Hey there, time traveller!
This article was published 23/5/2015 (2019 days ago), so information in it may no longer be current.
Winnipeg has been known for all kinds of things over the years -- from mosquitoes and murder to heavy metal music and wrestling -- but a local group is hoping to add a more meaningful one: fair trade.
There are already 21 fair trade communities across Canada, including Brandon and Gimli, and Fair Trade Manitoba would like Winnipeg to follow suit.
Fair trade is an international movement that aims to change the terms for many products we buy by ensuring the farmers growing them, primarily in less-developed countries, earn a fair price.
'Fair trade is about switching supply chains from ones that are exploitable to ones that are sustainable'‐ Sean McHugh, executive director of the Canadian Fair Trade Network
"We think it's the right thing to do in terms of supporting producers in developing countries who are exporting products to us like coffee, tea and sugar that we use all the time," said Zack Gross, outreach co-ordinator for Fair Trade Manitoba.
Other fair trade products include spices, bananas, wine, beer, cocoa, clothing, children's toys and soap.
In order to become a fair trade city, a council has to pass a resolution in favour of the idea and bring in three fair trade products available in city-owned facilities. A city spokesperson was not available to comment this week on the idea.
Many of us may already be buying fair trade liquor and don't even know it. Susan Harrison, spokeswoman for Manitoba Liquor & Lotteries, said it supports "sustainable procurement" and looks at the environmental and social requirements for any products that may go on its shelves.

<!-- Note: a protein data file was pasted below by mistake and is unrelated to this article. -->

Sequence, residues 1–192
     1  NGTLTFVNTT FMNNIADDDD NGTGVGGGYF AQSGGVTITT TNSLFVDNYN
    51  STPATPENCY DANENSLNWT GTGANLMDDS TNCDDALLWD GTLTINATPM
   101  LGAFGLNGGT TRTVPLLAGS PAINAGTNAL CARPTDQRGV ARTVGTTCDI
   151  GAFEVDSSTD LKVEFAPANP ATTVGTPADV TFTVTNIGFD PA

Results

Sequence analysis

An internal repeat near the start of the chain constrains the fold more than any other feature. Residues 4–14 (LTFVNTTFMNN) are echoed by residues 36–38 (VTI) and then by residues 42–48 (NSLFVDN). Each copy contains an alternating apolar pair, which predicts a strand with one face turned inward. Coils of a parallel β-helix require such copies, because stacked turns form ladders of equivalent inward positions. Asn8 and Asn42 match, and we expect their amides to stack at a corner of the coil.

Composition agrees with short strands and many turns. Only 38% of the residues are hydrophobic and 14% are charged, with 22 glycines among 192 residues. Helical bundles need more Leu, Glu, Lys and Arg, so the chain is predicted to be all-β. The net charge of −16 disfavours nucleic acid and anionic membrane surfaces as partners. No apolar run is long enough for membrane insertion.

"We recognize there's a social benefit of fair trade products of guaranteeing fair prices to farmers," she said.
Manitoba liquor stores stock wines such as About Us Chardonnay from Chile, Soluna Premium Malbec from Argentina, Six Hats Shiraz and House of Mandela Sauvignon blanc from South Africa and Fair vodka from France.
Sean McHugh, executive director of the Canadian Fair Trade Network, a Vancouver-based non-profit organization, said there is a growing movement to shift away from international development models and look at the impact each of us has on the world.
"It's a way to align values with the way you purchase items like coffee, tea or sugar. A city can support more sustainable supply chains with how they purchase," he said.
"It's a relatively easy thing to do to have an impact on the world. Fair trade is about switching supply chains from ones that are exploitable to ones that are sustainable."
McHugh said his group is also contacting coffee shops, retailers, church groups and non-profit organizations to see about them getting fair trade designations.
The requirements are hardly onerous -- they only need to carry a minimum of two fair trade products on their shelves.
The fair trade talk will heat up next February when Winnipeg hosts the fourth annual National Fair Trade Conference.
The conference has grown every year from just 75 delegates in 2013 to 330 in Montreal in January. McHugh said he expects between 350 and 400 delegates will descend on Winnipeg.